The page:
Posting on Instagram, Facebook and Twitter is usually harmless fun. But one place where you must resist the lure of social media is the jury pool room.
Particular laws apply to juries and social media and breaching those laws attracts serious penalties, including hefty fines or even a jail term.
Victoria Law Foundation had a chat to Juries Commissioner Paul Dore to find out more about juries and social media.
How can jury members get into trouble with social media?
‘One of the main ways jurors get into trouble is by friending fellow jurors on social media such as Facebook and LinkedIn and identifying them as fellow jurors on a trial through photographs and tagging,’ says Juries Commissioner Paul Dore.
In Victoria it is unlawful to publish any information or image that identifies a person attending for jury service.
‘The reason for this law is to protect the jury and to minimise the likelihood of jurors being intimidated or influenced in any way,’ Commissioner Dore explains.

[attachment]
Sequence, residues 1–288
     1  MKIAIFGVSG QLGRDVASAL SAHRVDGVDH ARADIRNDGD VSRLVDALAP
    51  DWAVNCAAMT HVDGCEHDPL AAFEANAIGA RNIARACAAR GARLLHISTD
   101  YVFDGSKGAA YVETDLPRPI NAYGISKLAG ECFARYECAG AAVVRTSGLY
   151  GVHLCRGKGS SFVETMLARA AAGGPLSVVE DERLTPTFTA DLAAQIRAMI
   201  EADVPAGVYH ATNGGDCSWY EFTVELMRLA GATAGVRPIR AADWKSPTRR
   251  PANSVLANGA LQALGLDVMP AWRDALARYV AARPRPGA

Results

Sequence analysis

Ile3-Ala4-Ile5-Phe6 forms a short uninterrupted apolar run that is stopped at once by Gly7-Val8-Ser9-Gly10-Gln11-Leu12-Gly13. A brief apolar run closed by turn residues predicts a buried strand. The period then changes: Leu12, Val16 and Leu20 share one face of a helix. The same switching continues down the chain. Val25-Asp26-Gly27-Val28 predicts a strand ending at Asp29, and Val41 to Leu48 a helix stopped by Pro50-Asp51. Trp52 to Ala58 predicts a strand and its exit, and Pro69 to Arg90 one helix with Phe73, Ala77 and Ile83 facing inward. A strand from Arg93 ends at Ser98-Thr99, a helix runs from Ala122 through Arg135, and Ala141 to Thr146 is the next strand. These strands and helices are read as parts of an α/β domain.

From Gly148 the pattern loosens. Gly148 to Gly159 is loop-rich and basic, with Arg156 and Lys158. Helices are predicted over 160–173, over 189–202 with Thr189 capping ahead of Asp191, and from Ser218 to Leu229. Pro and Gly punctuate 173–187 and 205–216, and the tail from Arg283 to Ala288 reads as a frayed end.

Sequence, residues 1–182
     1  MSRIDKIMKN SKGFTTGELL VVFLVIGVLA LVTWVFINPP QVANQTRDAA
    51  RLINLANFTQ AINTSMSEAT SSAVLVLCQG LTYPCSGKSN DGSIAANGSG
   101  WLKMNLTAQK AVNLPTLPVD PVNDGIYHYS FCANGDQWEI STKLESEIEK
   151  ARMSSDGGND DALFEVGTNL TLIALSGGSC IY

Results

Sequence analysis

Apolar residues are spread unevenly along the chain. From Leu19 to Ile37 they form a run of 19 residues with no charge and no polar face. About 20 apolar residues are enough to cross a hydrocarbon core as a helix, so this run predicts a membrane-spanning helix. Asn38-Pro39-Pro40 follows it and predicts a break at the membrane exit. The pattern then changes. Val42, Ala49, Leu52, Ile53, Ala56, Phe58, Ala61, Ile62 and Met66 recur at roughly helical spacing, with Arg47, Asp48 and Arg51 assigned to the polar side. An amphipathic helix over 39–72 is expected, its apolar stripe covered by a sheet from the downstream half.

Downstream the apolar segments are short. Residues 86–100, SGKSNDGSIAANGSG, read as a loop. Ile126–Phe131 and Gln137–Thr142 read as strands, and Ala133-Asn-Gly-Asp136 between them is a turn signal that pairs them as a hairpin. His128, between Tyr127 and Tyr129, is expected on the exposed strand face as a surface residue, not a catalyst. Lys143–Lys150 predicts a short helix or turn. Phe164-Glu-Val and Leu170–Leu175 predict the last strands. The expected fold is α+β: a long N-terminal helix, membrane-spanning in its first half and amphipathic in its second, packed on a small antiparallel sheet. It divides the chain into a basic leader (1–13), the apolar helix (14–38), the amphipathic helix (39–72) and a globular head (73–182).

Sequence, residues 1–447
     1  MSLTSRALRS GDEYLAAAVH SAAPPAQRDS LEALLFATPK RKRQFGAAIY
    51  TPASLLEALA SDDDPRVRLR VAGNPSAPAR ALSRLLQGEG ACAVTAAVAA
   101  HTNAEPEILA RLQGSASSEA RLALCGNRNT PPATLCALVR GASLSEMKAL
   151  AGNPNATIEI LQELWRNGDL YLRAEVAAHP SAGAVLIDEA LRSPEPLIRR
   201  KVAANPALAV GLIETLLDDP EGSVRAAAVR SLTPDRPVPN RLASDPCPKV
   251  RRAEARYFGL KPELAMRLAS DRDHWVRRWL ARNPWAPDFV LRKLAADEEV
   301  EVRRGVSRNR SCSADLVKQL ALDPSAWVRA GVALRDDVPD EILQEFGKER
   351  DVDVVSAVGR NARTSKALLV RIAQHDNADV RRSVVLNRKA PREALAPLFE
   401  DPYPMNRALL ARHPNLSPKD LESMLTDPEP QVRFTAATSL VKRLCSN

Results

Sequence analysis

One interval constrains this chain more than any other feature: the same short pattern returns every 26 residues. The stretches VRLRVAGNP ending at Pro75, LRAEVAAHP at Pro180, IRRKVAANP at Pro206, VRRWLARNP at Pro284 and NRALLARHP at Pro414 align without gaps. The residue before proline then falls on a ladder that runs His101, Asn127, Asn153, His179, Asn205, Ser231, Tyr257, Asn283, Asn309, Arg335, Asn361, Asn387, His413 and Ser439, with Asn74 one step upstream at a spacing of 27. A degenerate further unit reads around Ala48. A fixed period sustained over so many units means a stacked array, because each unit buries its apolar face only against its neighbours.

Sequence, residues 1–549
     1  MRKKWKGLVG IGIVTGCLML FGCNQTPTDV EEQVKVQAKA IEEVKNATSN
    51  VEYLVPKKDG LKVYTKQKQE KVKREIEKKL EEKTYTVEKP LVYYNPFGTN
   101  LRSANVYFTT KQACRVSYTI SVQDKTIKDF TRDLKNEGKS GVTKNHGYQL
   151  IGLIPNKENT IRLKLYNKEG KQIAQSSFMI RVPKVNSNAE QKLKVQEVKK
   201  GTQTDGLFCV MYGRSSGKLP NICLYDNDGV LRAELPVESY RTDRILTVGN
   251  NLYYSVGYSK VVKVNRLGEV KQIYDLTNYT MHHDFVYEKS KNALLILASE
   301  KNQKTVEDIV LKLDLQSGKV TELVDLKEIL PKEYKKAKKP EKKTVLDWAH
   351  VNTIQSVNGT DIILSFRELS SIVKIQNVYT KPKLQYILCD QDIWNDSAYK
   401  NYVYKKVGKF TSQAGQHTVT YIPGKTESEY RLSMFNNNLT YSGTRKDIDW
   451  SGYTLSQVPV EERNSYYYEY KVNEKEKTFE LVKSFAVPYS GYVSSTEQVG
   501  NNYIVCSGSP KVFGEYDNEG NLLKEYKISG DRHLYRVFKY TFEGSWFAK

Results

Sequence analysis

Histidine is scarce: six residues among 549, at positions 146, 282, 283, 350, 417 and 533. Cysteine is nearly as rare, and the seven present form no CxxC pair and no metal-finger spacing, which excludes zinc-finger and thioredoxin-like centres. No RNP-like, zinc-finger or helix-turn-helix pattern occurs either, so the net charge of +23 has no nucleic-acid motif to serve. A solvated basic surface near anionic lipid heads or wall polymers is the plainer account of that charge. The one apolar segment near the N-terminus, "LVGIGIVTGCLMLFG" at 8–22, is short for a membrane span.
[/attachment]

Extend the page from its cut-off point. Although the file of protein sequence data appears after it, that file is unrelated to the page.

‘The media is prohibited from publishing names, photographs or any details that could lead to the identification of a juror. Unlike in the United States, we don’t have a celebrity culture around juries.’
Be an informed jury member
Part of the problem is how much a natural part of our lives social media use has become.
‘I don’t think people ask enough questions, perhaps assuming their role as juror or prospective juror is no different than any other aspect of their lives where they can take photos, tag, post, comment and advertise their every action and experience,’ Commissioner Dore says.
‘We are doubling our efforts to inform people of the need to alter their expectations while on jury service with respect to social media and googling every topic of interest at will.’
To find out more about what you can and can’t do on a jury, and how the digital age has impacted jury service, come and hear Commissioner Dore speak during Law Week.
This information applies to the law in Victoria.